Testifying before the city council, Thomas drew on her decades of experience to dismiss opponents’ fearmongering. “If you really want to stop sexual assault,” Thomas said, “then let’s cut out the scare tactics, and let’s speak the truth.”
The problem with the “bathroom predator” talking point, she explained, is that it fundamentally misunderstands how and why sexual assault occurs.
“Transgender people are not my bogeyman in the closet. My bogeyman in the closet is the man who is a rapist who has a position of power, that everyone thinks, because he has power or because he’s nice or because he’s white or because any of those stupid reasons, that ‘I’m safe from him.’ That is my biggest fear.”
Thomas’ position has been echoed by sexual assault experts in states and cities with similar LGBT non-discrimination policies, and it’s supported by research. Sexual assault is overwhelmingly carried out by people victims know and trust — family members or friends, religious and community leaders, etc. — and not random predators who pretend to be transgender.
“It puts a bogeyman face on a group of people who don’t deserve it at all, who are, by no account, through what we know, are dangers,” she added.
Stereotypical images of shady-looking men sneaking into women’s restrooms — which have become a centerpiece of the anti-HERO campaign — give women a “false sense of security,” Thomas explained. “It makes women think that there are only certain places and certain people that I have to be afraid of and that’s not true. We don’t know what rapists look like. There’s no big R on their forehead. And that misinformation sets women up to be injured.”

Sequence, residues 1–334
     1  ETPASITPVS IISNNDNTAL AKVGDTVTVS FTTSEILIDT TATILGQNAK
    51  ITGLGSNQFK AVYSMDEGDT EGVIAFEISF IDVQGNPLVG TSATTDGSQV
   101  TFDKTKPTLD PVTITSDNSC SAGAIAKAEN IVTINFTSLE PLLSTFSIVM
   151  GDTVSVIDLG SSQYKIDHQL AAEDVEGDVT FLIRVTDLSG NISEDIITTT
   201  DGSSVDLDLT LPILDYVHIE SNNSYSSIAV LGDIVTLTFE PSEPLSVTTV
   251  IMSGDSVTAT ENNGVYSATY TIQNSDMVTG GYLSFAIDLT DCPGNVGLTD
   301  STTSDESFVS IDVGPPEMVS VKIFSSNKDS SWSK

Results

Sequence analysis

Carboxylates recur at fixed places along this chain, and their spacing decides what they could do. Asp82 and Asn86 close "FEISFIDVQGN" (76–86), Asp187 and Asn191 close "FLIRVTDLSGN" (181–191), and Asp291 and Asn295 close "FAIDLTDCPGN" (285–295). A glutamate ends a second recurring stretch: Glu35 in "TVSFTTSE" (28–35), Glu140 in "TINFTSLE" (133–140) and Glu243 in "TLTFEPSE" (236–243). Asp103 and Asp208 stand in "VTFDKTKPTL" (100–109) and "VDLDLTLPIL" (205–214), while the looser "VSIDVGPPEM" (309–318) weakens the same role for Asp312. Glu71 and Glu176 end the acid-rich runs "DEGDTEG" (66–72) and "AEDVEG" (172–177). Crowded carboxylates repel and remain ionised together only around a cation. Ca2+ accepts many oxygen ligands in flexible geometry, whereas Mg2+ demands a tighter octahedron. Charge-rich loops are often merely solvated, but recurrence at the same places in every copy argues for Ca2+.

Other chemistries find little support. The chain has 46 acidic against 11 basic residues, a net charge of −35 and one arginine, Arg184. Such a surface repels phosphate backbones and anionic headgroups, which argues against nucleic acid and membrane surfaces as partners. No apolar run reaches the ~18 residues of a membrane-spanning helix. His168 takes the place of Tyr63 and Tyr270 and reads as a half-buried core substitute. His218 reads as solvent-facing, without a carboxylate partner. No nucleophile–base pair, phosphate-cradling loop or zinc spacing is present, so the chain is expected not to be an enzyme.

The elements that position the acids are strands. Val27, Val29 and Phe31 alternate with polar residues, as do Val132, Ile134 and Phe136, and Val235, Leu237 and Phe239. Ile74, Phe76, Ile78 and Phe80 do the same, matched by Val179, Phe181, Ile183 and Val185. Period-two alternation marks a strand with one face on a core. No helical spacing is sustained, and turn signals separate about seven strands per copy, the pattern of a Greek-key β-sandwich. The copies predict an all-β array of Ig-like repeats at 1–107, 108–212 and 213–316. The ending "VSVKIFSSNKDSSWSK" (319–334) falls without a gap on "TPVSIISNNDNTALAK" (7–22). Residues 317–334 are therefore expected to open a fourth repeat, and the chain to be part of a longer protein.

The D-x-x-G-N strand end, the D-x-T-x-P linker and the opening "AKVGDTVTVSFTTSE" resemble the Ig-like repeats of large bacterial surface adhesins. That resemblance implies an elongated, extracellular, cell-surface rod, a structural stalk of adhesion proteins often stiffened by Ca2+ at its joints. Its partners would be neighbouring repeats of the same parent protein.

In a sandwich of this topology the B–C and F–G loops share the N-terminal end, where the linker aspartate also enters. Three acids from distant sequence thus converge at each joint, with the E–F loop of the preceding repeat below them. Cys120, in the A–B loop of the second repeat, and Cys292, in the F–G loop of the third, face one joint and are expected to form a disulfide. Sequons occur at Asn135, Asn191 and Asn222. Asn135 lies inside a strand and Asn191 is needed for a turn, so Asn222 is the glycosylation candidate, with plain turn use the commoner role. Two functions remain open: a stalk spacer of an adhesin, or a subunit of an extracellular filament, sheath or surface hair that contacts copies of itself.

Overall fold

When asked about why opponents of HERO had latched on to the “bathroom predator” talking point, Thomas dismissed the idea that HERO’s opponents were seriously motivated by a concern for women’s safety. “If it was about women’s safety then these same people would be involved in the anti-violence movement from the start,” she said.
“If these same people were concerned about the safety of women, they would have come out against any number of issues that have come up about sexual violence over the years, but they have been remarkably silent. So all of a sudden women are in danger because of transgender people? No. They’re not.”
It’s Black Cat Day, so let’s learn a bit about the cultural significance of these adorable felines! Chris Poole of Cole & Marmalade outlines the history of black cats as a symbol of bad luck. It ends with the sad fact that these superstitions mean that black cats are less likely to be adopted, and are the first to be euthanized. Poole speaks lovingly of black cats, and call them lucky.